The correct pronunciation of milujem ťa is mee-LOO-yem tyah.

I love you in Turkish: Seni seviyorum

In Turkey, but also in Italy and in many other countries around the world, Valentine’s Day is not about friendship, but it is exclusively about love between sweethearts, husbands and wives, lovers. Seni seviyorum literally translated into English is not I love you but I’m loving you. It sounds like: I’m loving you now, but tomorrow I have no idea.
Seni seviyorum is pronounced SEH-nee seh-VYOH-room.

I love you in Polish: Kocham cię 

In Poland, there is a high level of romance, but people are very shy in expressing their feelings. That's why they won’t pronounce so many times Kocham cię, but they will keep locking love padlocks on the bridges railing and throwing the keys into the river for eternal love.
The correct pronunciation of kocham cię is KOH-hahm-cheh.

I love you in German: Ich liebe dich

In Germany, Valentine’s Day is all about love and not friendship: love between a man and a woman; a man and a man; a woman and a woman. According to a recent British survey, Germany is one of the best country to find love if you are an expat. That’s because Germans speak many foreign languages, so it is easier to get in touch with locals and... fall in love. 
Click Ich liebe dich and listen to the correct pronunciation of these wonderful words. As you may have heard in the audio file, the German ch sound is very difficult to be reproduced by an English speaker. It sounds as a rough ‘sh’, with some sort of k sound in it. If you can't reproduce it, don’t worry: you can get away pronouncing eesh LEE-beh deesh.

I love you in Dutch: Ik hou van jou

Apparently, the Dutch are not very romantic, and don't say Ik hou van jou very often. But we don't mind: in Holland, respect and parity of the sexes are far more important than chocolates and flowers once a year. 
Ik hou van jou is pronounced eek HO-vah-nyow, rhyming with the word tow.

I love you in Norwegian: Jeg elsker deg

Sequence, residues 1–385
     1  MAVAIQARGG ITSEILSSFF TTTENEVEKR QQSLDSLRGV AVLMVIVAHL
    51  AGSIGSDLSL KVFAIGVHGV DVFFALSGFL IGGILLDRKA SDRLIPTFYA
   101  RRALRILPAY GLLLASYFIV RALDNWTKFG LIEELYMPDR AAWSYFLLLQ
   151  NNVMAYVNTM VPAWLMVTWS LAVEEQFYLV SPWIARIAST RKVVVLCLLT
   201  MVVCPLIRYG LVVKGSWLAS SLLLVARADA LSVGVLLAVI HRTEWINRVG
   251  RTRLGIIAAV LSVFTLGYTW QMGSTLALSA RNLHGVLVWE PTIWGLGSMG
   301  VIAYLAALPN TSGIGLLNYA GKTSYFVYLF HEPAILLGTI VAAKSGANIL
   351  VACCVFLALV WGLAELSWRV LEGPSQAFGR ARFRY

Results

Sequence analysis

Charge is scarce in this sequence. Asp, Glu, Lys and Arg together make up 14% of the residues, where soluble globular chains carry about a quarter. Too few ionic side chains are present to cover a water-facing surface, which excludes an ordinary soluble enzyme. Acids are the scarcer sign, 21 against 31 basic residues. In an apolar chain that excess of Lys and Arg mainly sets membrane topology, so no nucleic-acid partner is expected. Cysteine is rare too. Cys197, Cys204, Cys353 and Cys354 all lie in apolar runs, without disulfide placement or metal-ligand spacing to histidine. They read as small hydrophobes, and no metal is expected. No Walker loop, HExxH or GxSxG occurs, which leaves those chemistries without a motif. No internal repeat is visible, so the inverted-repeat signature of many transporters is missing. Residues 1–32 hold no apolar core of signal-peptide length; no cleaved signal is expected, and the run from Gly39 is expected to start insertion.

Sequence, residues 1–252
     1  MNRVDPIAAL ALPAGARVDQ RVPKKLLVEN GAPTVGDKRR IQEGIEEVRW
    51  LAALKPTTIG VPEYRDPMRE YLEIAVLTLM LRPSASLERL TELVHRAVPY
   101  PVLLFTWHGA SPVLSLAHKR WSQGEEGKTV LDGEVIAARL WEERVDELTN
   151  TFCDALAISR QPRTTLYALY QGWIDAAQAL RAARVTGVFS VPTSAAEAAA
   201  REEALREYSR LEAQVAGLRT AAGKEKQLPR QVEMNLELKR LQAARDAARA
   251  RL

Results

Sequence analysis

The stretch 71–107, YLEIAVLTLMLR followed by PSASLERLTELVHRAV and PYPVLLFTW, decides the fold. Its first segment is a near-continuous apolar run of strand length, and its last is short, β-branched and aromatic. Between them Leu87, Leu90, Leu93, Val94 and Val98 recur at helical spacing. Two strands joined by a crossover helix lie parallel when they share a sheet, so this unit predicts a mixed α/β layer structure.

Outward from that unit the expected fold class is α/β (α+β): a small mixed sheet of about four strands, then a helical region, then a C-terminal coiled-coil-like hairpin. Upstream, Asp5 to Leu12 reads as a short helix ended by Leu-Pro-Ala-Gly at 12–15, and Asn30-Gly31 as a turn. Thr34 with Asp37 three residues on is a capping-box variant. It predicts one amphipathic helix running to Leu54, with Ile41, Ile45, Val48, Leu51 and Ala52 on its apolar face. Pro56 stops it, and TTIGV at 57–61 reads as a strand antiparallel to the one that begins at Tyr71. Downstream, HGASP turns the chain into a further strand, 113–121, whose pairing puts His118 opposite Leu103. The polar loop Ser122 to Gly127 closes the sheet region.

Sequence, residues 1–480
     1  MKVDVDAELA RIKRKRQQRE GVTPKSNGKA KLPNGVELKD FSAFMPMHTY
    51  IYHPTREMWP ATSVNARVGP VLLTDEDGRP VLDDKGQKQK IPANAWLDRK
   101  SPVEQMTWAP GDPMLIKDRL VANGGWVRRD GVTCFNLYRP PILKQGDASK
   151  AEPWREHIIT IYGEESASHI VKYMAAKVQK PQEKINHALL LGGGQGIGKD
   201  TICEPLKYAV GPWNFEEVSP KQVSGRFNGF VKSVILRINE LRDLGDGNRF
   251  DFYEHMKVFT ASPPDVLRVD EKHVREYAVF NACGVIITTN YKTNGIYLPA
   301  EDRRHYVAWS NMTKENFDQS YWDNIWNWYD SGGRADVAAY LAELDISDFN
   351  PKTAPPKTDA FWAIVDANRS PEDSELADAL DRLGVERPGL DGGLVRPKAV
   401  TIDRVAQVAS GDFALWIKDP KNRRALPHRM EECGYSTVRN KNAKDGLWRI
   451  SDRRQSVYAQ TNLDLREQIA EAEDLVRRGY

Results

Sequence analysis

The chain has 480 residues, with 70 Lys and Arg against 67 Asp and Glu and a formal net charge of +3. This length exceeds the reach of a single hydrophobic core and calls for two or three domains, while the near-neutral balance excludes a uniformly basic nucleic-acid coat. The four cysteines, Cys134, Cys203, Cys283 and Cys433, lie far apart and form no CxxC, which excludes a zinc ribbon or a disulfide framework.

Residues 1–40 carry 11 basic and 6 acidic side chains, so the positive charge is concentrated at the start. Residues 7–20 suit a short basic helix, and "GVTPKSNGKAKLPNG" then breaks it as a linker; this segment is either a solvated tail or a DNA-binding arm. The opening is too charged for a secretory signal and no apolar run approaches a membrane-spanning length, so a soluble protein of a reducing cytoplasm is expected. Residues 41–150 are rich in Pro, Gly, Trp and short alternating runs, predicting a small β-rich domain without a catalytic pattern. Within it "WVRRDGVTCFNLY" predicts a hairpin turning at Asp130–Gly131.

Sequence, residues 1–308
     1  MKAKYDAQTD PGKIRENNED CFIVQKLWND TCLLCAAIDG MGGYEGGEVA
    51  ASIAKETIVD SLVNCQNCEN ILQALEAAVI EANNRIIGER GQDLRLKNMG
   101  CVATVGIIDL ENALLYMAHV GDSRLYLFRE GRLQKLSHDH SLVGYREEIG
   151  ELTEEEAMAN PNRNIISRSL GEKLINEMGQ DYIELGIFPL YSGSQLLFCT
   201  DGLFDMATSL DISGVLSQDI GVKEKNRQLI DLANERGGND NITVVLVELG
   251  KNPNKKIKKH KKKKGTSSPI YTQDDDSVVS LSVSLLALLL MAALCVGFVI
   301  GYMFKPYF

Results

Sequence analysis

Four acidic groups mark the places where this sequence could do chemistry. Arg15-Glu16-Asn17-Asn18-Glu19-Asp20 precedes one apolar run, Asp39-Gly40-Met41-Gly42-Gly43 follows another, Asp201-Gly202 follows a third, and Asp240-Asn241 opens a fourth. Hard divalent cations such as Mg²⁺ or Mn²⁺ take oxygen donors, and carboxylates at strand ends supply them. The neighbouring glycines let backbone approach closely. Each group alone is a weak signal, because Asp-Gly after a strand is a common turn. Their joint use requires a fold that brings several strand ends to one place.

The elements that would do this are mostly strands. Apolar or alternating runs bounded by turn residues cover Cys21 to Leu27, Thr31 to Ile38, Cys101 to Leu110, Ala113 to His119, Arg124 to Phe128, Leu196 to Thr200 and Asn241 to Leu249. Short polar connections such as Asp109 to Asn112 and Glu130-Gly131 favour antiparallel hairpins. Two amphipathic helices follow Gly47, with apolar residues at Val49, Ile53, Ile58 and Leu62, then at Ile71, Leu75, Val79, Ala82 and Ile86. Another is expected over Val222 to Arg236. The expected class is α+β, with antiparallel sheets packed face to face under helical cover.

In Norway, Valentine’s Day is a rather new celebration, and it is not so popular. It is called Alle hjerters dag, the day of all hearts. Click and listen to the pronunciation of Jeg elsker deg, or read the pronunciation: ee-I EHL-sker-dah-ee. The letter I is pronounced as the English singular, first-person pronoun.

I love you in Swedish: Jag älskar dig 

Jag älskar dig are words that people don't pronounce so frequently in Sweden, and even Valentine's Day is not so loved. Despite the flower sellers tried hard to push the idea of celebrating Valentine’s Day since the Sixties, this day became a popular celebration only around 1980, and mostly among the youngsters. The correct pronunciation of jag älskar dig is eeah EHL-skah-day.

I love you in Finnish: Minä rakastan sinua

Minä rakastan sinua are not words people pronounce on Valentine's Day in Finland. Actually, they don't even think of buying presents for their loved one on this day: the celebration is about friendship, not love. On Valentine's Day, people enjoy the day with all their dearest friends.
The pronunciation of minä rakastan sinua is mee-NAH RAH-ka-stan SEE-nooah

I love you in Hungarian: Szeretlek

Hungary is a very romantic country, and not only because they celebrate Valentine’s Day. The national hero is Sándor Petõfi, a liberal revolutionary and poet. This is his most romantic poem:

I'll be a tree, if you are its flower,
Or a flower, if you are the dew
I'll be the dew, if you are the sunbeam,
Only to be united with you.

 My lovely girl, if you are the Heaven,